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Netflix Is Not Coming to Comcast, TWC (UPDATED)

Here's my take (as in, my researched opinion of what might have happened, considering what the media reported and what my sources tells me): Across the broad media industry, everyone talks to everybody all of the time. Things come up. But just because something comes up doesn't necessarily mean two or more parties are "in talks." An important distinction exists between "talking" and being "in talks." Between being serious or close to doing a deal and having one party float an idea, quite possibly through media leaks, it would like to see gain traction.

As the Hastings-fueled smoke and mirrors rolls on, I reckon something else might have happened on the way to reality.

This next paragraph is pure conjecture and speculation on my part, albeit well-informed conjecture and speculation.

Hastings knew Comcast's New Internet, Streaming Video Deal, which includes Time Warner's (TWX) Home Box Office (HBO), but not Netflix, was about to happen. Pursuant to the receipt of this knowledge, he strategically makes public his company's desire to be part of the traditional cable establishment. What better way to try to steal HBO's thunder than to anticipate the Comcast announcement with a leak of some half-cocked story you know the Netflix-loving media will not only take and run with but frame in the most positive light.

Thanks to Peter Kafka at All Things D for providing a nice visual on exactly what these new Comcast packages entail:

If you follow Netflix and Hastings' history beyond a surface scratch, you know he would much rather see Netflix's name in place of HBO in that Comcast advertisement.

That said, I can confirm the following tidbits:

  • High-level television industry sources note that not only is the talk about Netflix coming to cable premature, but a) there isn't serious interest to make it happen, particularly on the part of Comcast and Time Warner Cable (TWC) and b) when large cable television investors got wind of last week's Netflix in Talks with Cable Companies reports they freaked out, immediately flooding the executive offices of big cable companies with You Guys Can't Be Serious and Must Be Crazy phone calls.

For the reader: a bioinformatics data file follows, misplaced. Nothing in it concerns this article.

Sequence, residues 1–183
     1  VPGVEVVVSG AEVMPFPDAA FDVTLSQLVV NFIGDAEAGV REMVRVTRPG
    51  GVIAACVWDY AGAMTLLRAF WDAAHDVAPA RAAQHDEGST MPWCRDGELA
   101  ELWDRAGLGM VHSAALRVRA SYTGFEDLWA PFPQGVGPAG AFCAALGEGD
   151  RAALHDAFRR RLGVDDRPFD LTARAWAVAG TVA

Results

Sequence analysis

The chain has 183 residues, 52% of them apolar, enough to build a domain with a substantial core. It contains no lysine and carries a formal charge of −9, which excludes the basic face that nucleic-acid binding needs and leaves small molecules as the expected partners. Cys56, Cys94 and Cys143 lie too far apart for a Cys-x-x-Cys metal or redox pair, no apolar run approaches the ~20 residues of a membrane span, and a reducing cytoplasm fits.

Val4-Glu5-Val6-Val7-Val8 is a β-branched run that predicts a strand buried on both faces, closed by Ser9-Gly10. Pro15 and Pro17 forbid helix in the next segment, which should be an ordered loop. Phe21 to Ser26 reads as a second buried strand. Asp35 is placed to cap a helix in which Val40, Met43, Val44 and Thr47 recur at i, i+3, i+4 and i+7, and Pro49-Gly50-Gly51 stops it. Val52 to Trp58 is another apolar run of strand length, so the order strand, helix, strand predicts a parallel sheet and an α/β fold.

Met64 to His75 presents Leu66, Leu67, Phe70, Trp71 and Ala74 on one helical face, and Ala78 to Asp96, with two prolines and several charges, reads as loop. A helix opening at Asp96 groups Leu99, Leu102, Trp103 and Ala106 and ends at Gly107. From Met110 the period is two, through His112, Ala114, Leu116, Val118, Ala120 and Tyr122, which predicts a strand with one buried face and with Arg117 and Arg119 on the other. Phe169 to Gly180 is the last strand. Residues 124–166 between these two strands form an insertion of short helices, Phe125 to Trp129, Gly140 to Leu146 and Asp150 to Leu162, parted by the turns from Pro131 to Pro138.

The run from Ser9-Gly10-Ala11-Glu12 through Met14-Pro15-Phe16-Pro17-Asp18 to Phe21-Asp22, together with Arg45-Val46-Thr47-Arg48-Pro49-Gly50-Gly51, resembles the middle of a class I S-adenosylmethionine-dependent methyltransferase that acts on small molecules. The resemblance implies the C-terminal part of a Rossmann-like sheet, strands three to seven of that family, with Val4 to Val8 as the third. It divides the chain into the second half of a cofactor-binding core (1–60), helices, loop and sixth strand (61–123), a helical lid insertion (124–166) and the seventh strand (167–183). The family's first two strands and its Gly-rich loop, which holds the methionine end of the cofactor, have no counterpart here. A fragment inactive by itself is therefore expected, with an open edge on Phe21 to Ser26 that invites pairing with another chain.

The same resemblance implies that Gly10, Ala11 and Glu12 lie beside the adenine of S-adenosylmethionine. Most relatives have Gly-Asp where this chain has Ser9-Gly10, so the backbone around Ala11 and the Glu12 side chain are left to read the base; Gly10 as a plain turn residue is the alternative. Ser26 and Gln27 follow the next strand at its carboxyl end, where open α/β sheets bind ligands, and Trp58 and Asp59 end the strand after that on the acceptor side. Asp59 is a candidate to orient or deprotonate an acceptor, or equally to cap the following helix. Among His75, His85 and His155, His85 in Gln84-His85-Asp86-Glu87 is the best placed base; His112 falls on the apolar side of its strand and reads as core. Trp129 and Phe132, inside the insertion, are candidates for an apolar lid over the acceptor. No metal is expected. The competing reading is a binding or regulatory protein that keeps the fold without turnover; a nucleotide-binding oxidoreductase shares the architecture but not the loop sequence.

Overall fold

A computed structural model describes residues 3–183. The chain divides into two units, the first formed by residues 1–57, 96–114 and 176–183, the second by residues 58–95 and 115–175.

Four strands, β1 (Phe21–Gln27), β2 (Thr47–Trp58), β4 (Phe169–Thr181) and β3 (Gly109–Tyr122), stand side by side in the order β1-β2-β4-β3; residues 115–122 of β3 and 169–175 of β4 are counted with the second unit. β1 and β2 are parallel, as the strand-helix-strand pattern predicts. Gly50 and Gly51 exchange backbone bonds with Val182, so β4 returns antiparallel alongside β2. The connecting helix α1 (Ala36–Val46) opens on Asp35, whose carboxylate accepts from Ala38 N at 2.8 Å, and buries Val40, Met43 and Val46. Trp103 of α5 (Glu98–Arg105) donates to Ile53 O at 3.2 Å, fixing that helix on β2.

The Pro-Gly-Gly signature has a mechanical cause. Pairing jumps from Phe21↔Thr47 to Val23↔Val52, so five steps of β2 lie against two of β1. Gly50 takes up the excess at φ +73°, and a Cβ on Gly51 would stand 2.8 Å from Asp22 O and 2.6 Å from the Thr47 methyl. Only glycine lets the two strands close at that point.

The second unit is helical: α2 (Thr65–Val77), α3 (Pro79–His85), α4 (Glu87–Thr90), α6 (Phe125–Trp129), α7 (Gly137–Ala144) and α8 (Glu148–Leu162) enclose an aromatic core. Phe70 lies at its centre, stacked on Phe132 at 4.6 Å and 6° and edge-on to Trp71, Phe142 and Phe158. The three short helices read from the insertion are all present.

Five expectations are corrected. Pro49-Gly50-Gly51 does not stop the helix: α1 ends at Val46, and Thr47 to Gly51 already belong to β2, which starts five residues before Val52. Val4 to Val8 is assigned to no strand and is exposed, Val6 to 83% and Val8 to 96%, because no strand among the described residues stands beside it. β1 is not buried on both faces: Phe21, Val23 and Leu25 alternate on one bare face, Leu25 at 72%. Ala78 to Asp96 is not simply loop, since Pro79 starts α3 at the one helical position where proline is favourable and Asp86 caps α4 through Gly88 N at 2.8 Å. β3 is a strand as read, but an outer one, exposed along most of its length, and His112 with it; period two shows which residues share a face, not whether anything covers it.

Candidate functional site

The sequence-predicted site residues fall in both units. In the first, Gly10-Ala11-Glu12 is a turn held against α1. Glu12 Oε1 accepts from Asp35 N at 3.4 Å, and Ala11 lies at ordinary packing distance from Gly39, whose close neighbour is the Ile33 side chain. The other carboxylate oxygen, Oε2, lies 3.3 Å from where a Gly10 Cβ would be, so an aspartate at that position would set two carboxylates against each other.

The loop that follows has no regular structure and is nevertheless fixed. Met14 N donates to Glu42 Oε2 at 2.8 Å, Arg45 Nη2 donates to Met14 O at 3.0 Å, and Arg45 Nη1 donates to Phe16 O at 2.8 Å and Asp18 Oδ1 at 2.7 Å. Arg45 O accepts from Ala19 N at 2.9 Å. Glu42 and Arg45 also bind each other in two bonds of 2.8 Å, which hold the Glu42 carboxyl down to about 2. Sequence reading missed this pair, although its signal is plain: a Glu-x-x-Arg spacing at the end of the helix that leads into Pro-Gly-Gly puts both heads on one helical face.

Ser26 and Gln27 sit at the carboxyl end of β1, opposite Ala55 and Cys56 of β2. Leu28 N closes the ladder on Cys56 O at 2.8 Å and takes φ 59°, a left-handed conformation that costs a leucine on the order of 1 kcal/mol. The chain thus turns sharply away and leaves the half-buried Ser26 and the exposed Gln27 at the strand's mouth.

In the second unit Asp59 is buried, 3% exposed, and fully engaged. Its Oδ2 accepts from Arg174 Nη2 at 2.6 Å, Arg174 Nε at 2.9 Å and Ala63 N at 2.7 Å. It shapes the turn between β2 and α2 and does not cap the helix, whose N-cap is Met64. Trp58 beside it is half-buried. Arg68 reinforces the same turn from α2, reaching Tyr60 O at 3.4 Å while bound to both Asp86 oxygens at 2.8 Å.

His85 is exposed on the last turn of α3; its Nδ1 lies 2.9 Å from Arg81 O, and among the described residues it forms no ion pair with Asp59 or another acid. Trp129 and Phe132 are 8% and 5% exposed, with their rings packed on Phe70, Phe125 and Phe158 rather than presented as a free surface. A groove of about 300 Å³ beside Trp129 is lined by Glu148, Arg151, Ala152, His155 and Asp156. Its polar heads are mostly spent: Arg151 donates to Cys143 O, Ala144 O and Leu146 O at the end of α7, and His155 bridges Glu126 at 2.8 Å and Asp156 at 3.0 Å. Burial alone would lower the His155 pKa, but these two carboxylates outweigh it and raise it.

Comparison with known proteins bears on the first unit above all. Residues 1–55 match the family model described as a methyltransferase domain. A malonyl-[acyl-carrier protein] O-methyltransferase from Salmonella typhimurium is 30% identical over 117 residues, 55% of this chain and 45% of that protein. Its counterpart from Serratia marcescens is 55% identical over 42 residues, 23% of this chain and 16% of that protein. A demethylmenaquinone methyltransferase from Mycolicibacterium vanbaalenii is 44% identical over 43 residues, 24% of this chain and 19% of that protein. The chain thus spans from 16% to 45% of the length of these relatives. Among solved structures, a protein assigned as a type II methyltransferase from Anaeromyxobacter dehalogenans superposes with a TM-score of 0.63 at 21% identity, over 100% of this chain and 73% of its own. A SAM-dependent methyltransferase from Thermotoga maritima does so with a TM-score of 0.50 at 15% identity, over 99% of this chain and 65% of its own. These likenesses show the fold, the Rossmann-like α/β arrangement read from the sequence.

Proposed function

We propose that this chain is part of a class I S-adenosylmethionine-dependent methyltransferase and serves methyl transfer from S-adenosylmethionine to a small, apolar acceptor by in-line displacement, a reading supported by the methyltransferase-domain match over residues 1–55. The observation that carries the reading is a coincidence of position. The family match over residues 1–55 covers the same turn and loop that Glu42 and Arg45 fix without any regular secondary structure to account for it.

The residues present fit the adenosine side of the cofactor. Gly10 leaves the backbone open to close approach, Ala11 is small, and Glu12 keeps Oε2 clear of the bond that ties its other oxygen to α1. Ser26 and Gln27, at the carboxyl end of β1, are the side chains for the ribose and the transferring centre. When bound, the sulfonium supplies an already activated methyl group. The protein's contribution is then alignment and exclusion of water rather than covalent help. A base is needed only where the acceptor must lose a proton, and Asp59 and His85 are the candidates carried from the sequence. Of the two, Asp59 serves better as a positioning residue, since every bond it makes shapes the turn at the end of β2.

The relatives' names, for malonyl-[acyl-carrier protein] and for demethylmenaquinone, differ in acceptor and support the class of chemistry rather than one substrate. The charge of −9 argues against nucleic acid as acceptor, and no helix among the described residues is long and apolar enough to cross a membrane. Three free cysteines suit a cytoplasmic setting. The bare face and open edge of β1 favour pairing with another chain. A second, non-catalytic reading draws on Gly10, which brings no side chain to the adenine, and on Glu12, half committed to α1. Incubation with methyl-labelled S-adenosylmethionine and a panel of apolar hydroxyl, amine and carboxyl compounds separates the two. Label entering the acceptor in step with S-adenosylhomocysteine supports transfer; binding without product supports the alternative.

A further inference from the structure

• Expect more deals like the Comcast one with basic cable, basic Internet, a cable-company backed streaming offering, HBO and HBO GO to appear soon. This is not what Netflix wants, but when Time Warner Cable, for example, announces a similar package (and I'm almost certain it will) it's likely to include HBO, not Netflix.

That said, it would not shock me to see somebody break away from the pack. I could picture a Charter Communications (CHTR), Cox Communications or other smaller cable company doing a deal where it includes Netflix.

But I would be shocked to see a big name such as CMCSA or TWC go the same route.

In an Oct. 21 article, Stelter noted:

(Netflix) also acknowledged that the company was in talks with some cable operators about making Netflix accessible through set-top boxes, but they said that this sort of integration would take years to achieve.

That bit from Stelter and his Oct. 14 piece basically jibes with what Netflix officially stated in its Q3 Letter to Shareholders:

We are open to more of these integrations with cable set-tops around the world (Netflix recently signed an integration deal with the UK's Virgin Media), but given the fragmented technology footprints, we think it will be many years before cable set-top boxes match Internet set-top boxes for Netflix streaming volume.

While they let the Netflix to Cable headlines blare a week or so prior, days before the Comcast/HBO deal goes public, Hastings and his Chief Financial Officer David Wells claim technological hurdles stand in the way of making Netflix part of cable.

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